Gear review: SYNC Performance Stretch Puffy
SYNC Performance Stretch Puffy
Cost: Men’s and women’s jackets are $289, available at http://www.syncperformance.com.
• 360-degree Interlock Stretch Body Fabric for added mobility
• Primaloft 50 percent Luxe synthetic down (free of fluorocarbons) and 50 percent premium down
• High waterproof and breathable rating
• Zippered interior chest pocket and helmet compatible hood
• Waist drawcords, drop waist
A jacket that’s puffy and stretchy already sounded great, but the SYNC Performance Stretch Puffy has also lived up to the hype.
This insulated jacket, released earlier this winter, uses stretch fabric and PrimaLoft down — a combination of PrimaLoft ultra-fine fibers and water-repellent goose down — which makes for a warm, cozy fit that has been able to withstand some really cold and windy winter days in Aspen. And on a warm, spring day, the jacket never feels too warm, which has elevated its status in my closet as this winter’s go-to jacket.
The shiny exterior gives it a more luxurious appearance, and is complemented by a 20k/20k Melange woven material that is rainproof and waterproof in heavy rain or wet snow. The denim-like overlay on the shoulders and chest gives the jacket a stylish look and provides a nice visual balance to the rest of the jacket.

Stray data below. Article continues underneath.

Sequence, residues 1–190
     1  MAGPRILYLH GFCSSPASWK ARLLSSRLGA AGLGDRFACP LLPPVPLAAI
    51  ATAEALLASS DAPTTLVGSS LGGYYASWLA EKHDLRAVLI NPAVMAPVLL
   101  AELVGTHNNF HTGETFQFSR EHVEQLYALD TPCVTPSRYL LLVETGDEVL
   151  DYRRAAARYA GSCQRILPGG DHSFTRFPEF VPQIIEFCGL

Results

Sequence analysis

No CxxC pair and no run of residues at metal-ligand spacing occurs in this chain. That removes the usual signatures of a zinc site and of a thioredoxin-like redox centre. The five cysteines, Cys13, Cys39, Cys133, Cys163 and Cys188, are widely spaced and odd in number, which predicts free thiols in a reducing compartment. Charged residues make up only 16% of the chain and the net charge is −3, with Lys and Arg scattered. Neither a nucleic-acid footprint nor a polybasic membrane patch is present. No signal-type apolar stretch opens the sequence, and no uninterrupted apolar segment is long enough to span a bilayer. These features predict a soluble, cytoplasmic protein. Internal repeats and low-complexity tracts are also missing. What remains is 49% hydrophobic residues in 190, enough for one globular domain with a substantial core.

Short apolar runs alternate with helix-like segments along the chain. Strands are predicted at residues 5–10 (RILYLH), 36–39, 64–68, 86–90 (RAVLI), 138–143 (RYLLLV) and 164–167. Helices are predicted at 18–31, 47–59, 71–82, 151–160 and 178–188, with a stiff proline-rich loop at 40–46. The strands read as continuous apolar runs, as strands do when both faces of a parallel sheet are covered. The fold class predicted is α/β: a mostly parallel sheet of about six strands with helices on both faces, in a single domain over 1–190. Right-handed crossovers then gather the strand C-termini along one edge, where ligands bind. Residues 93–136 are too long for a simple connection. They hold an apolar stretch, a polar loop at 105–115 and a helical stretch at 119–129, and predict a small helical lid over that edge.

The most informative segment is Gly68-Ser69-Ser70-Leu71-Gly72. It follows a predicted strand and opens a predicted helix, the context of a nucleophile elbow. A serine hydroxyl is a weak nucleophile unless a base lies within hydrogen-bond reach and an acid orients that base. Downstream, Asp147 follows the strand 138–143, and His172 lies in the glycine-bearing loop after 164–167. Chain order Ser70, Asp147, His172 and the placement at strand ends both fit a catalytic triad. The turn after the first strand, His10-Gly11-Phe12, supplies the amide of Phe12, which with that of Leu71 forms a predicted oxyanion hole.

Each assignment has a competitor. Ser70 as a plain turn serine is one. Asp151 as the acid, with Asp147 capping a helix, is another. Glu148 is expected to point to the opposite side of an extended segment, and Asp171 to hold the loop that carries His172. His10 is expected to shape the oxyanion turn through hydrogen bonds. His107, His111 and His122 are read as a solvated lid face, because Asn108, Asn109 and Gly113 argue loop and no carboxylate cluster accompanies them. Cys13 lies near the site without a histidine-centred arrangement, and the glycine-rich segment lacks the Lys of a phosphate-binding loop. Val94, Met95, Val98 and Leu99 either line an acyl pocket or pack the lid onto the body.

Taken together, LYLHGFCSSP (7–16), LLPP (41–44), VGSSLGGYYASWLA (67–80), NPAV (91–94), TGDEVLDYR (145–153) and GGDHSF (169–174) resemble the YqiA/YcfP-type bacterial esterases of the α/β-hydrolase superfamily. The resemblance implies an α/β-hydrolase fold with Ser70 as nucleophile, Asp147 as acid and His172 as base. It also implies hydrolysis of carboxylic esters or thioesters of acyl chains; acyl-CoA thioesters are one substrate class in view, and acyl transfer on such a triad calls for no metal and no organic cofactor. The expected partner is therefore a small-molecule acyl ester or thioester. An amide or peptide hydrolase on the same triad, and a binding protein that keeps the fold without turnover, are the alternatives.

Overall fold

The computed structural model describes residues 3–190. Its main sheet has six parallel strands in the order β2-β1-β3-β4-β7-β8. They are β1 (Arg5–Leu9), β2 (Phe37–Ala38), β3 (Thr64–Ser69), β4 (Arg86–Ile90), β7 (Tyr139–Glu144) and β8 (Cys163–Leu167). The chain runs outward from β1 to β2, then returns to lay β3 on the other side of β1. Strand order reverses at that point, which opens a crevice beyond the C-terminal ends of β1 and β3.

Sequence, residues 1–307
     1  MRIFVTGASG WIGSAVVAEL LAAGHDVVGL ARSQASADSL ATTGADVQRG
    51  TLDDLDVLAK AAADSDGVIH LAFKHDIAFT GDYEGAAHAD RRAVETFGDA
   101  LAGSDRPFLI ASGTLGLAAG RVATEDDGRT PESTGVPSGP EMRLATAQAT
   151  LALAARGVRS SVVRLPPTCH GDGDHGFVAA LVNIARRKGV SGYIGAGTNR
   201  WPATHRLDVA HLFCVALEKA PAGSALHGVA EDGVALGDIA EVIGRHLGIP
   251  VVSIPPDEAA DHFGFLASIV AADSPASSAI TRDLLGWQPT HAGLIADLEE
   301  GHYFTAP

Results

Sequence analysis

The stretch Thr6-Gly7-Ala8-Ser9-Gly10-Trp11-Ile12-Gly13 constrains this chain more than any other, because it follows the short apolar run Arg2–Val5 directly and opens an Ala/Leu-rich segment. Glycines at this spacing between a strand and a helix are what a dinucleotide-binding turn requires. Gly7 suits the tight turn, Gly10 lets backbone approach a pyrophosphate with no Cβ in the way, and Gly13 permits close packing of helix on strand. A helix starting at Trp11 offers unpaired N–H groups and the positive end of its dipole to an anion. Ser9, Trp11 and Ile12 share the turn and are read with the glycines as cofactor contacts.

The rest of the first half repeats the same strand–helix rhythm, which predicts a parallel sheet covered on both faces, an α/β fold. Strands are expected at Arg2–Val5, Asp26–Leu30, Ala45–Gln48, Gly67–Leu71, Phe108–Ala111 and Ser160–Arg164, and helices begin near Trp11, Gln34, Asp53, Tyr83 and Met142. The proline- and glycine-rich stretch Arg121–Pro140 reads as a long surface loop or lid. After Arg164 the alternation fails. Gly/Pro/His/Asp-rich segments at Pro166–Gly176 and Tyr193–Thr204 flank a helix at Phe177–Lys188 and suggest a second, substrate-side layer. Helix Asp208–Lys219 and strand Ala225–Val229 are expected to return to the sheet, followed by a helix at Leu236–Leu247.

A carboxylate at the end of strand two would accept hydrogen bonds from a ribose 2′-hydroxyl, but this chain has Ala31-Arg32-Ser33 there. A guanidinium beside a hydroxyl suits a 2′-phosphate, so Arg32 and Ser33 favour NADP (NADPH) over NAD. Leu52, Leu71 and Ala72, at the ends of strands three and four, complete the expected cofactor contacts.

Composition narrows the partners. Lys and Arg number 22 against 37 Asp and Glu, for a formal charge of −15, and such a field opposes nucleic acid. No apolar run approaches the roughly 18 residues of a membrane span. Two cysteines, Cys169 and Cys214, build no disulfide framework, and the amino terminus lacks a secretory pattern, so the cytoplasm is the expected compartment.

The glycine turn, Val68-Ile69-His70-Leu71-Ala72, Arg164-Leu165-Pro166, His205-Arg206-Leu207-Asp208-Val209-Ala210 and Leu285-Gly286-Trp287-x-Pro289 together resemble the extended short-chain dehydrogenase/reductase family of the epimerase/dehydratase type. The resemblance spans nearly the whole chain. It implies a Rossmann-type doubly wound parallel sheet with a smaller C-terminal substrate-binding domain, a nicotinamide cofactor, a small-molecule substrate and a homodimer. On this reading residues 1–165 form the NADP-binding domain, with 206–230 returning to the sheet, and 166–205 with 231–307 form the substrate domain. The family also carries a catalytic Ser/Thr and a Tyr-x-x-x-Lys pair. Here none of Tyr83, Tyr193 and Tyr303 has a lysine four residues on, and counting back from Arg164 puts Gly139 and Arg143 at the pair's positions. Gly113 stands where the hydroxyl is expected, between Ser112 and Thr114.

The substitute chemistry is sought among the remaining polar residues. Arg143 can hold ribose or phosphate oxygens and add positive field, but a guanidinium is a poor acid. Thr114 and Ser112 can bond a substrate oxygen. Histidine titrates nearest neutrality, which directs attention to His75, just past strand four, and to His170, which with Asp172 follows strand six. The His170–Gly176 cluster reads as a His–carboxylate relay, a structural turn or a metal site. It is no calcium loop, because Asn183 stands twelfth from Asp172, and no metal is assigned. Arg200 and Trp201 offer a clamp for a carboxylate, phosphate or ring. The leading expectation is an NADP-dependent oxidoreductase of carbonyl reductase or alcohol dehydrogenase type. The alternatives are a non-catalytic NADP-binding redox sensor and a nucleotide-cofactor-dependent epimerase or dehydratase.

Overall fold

SYNC Performance, based in Edwards, touts the jacket’s mobility and performance, all of which have held true this winter. And for women with big busts, this is the jacket for you. You can get comfort and mobility without sacrificing a flattering fit — a rarity for women’s winter wear.
“We came up with the concept of the Stretch Puffy after a cold day on the mountain with professional alpine ski racers,” said Phil Shettig, president of SYNC Performance. “The athletes couldn’t bend and move in their insulated jackets before their training runs. We thought there’s no reason to sacrifice performance for warmth. So we developed the Stretch Puffy jacket that offers unparalleled range of motion without sacrificing warmth.”
The movement is what’s key about this jacket. It feels almost elastic, but never tight, and allows winter athletes a way to excel in their sports without sacrificing comfort, warmth or mobility. For activities like snowmobiling or ice climbing, I recommend adding another layer or two underneath for added insulation.
After a couple of months of wear, the jacket has started shedding some goose feathers, but the overall quality appears to be holding up just fine.
Lauren Glendenning is the editor of The Aspen Times. Email her at email@example.com.
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